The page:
Sunday, June 13, 2010
Going Global? Visit the Markets
But how does one “immerse” themselves in the local culture? One way is to visit a local market. See what people eat, how the food is displayed, what the people look like, how they speak, interact. Voices loud or soft? Food packaged or available to be touched and tasted? Can you fill a sack with scoops of spices to season your sauces? . Do you have to weigh your fruits and vegetables before you get to checkout or risk getting yelled at? Is the meat displayed on ice but not refrigerated? This site can be shocking to an American eye accustomed to buying meat neatly packaged, wrapped and impossible to touch.
No matter what country, city you visit you can find a market filled with local foods and the local residents. If you’re in Berne, Switzerland on a Monday in November you may find the onion market. One day where hundreds of booths are set up to sell onions. On my next trip to Hong Kong I’m going to search out the Dried Seafood Street. Visiting a market, whether a tiny shop on a side street or the one like Barcelona's La Boqueria (www.labqueria.info) in Barcelona gives you a unique view of the city, the people. How do they dress, what do they eat, how is it displayed?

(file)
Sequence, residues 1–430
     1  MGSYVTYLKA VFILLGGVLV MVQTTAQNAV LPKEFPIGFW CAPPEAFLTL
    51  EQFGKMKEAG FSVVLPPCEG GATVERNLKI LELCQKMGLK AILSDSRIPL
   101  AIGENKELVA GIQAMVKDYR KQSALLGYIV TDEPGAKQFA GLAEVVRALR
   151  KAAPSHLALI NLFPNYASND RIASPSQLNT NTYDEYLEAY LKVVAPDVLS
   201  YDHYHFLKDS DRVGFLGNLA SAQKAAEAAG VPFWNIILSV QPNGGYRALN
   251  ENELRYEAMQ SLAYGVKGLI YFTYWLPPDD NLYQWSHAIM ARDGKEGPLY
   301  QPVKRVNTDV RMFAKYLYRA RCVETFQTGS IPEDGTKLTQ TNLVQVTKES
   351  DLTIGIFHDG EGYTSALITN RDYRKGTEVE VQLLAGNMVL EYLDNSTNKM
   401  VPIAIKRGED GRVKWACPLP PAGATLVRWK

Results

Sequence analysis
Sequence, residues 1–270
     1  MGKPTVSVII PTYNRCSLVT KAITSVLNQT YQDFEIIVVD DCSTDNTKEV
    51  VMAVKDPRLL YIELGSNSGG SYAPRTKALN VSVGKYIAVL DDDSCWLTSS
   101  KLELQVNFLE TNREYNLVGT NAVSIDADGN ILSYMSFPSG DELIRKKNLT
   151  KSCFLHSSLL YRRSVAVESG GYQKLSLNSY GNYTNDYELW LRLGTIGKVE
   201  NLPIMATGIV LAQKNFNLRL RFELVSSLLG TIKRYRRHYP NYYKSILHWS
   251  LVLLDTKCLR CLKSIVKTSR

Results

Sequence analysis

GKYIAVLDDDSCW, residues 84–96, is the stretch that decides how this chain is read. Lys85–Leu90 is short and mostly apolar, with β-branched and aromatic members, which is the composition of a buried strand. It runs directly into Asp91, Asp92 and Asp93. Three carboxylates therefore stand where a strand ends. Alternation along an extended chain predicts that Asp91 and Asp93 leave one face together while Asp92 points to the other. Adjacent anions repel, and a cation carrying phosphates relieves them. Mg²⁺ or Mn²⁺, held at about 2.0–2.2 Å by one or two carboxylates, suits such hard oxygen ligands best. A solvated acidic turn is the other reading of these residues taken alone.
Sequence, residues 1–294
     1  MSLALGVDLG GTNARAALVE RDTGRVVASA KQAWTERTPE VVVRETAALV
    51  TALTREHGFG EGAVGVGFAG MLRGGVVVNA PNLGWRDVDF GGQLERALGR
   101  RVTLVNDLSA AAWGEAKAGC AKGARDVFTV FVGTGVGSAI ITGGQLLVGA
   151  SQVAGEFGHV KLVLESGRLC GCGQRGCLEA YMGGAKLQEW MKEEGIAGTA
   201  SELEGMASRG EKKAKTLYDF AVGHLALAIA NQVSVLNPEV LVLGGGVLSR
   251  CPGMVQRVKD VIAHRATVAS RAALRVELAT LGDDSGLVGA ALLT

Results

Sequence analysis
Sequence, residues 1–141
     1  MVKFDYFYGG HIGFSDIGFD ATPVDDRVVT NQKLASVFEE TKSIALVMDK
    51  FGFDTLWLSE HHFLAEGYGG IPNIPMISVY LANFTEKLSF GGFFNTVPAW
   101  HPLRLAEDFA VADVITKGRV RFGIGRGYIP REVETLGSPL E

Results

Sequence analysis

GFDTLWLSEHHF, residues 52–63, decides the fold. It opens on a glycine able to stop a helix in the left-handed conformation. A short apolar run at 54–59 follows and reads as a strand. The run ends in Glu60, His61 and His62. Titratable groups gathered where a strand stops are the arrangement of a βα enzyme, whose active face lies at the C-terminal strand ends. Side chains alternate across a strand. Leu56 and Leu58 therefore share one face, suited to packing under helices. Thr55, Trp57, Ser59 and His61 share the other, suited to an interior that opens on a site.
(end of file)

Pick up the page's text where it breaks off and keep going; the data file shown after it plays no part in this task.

This month Saveur magazine features the “Wide World of Markets”. One article, Wide World of Markets (www.saveur.com/article/Travels/Market-Guide) highlights 30 markets around the world. They range from one in Ethiopia that has 13.000 vendors to the largest farmers market in the United Sates located in Dane County, Wisconsin.
Wherever you go there are markets large and small that provide a window into the life of the local population.
Take the time to look, learn and taste. In Los Angeles you can often sample chips, salsa, or hummus. But in Moscow a sample of a local product can be spoonful of caviar. A delightful way to immerse yourself in the local culture.